Wednesday, September 22, 2010

A village in the mountains...

This picture was taken when the grand-daughters of French gendarmes were honoured in the small village of Saint-Martin Vésubie, in the moutains above Nice this month.
The village has a history, and is now praised for its valiant attitude then, but things were not that simple - they never are, and neither what they seem to be at first sight.
Here is my comment, after reading much on the topic:

Without wishing to diminish the merits of some of the villagers of Saint Martin Vésubie, nor the solidarity and help provided by some righteous people there who deserve to be honoured, it cannot be denied that when the Nazis arrived, 980 Jews had to flee from the village where they had previously been parked, assigned there "on residence" against their will, and also forced upon the villagers.

This new population was as large in its number as the regular inhabitants, meaning co-habitation must have posed a few problems.

However, the village was still under Italian occupation, and life was much more relaxed than when they were replaced by the German occupants, in September 1943.

Obviously, the situation was the same there as in many other villages, there were both acts of hostility towards them and generosity.

When all the Jews fled towards Italy, 350 of them were arrested on the Italian side. They were subsequently deported.

Only around 15 of them came back.

The accurate lists of their names can be read in Serge Klarsfeld's book: Mémorial de la Déportation des Juifs de France, and, for the Italian side, in Alberto Cavaglion’s: Les Juifs de Saint-Martin-Vésubie, Septembre-Novembre 1943, Nice, Editions Serre, 1995, 174 pages.

The situation in Saint-Martin Vésubie was quite different from that noticed in another village of the region: Saint-Léger, whose entire population rallied to feed, hide, save its Jews, in even harder conditions, AFTER the Italians had left, earning the courageous Mayor’s daughter the title of RIGHTEOUS AMONG THE NATIONS.

But then, there were only 19 Jews there…

(And of course everyone knows of Le Chambon-sur-Lignon, which is the only place to have earned this title as a village, for its whole community).


Blogger Cathie said...

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Wednesday, 22 September, 2010  
Blogger Cathie said...


Wednesday, 22 September, 2010  
Blogger ritsonvaljos said...

Occupation was not an easy thing to deal with, especially after the arrival of the Germans in the latter half of the war. If just one family or one life was saved from deportation and an almost certain death then it should be remembered. Oskar Schindler only saved a relatively small number of Jewish families. But, for those who were on his ‘list’ then they seemed to believe, even at the time, that they would survive.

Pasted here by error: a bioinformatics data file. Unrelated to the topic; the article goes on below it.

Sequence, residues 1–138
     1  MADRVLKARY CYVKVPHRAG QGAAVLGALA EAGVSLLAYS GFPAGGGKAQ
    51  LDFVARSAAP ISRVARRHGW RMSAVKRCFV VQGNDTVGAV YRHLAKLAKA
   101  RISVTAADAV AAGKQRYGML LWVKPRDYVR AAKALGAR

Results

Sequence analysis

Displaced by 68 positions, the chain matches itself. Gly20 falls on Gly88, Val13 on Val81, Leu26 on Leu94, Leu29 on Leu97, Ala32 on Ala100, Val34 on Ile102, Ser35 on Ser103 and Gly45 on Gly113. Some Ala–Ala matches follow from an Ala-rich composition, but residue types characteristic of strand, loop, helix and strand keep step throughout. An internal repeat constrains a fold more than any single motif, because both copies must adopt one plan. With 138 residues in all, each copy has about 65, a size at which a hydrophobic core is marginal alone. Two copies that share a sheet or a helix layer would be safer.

In the course of my own research about wartime Occupation in France I have met families who still would not associate with other families because of what their forebears did, or did not do, during the war. For example, in some instances grandparents who had lived through the Occupation told their grandchildren never to bring back certain other children because of what their grandparents had apparently done, or not done, during the war.

For example, some families helped Jewish refugees with accommodation and work, while other families were involved in the deportations. In some instances, even members of the same extended family made different choices during the war, with inevitable long-lasting effects on that family. One family that comes to mind is that of Pierre Laval, prominent in the Vichy regime, and his daughter and son-in-law who were prominent in the Resistance.

I feel the ‘collective experience’ of a community is somewhat different between countries that suffered Occupation, such as France, Italy, Belgium and the Netherlands than countries such as Britain, Canada or the USA that did not. Although there were only a small number of Jewish people living in the Channel Islands during their wartime Occupation they were also deported to the Concentration Camps and died there.

Being an « étranger » in France I sometimes found this underlying animosity a little uncomfortable to write about for university submissions. In some cases I think I was told these things because I was, in effect, an ‘outsider’. It is important for each community to know of its past, learn about the good things and come to terms with the bad things.

As you say, Catherine, things are never quite so simple as they may seem to be at first.

Thursday, 23 September, 2010  

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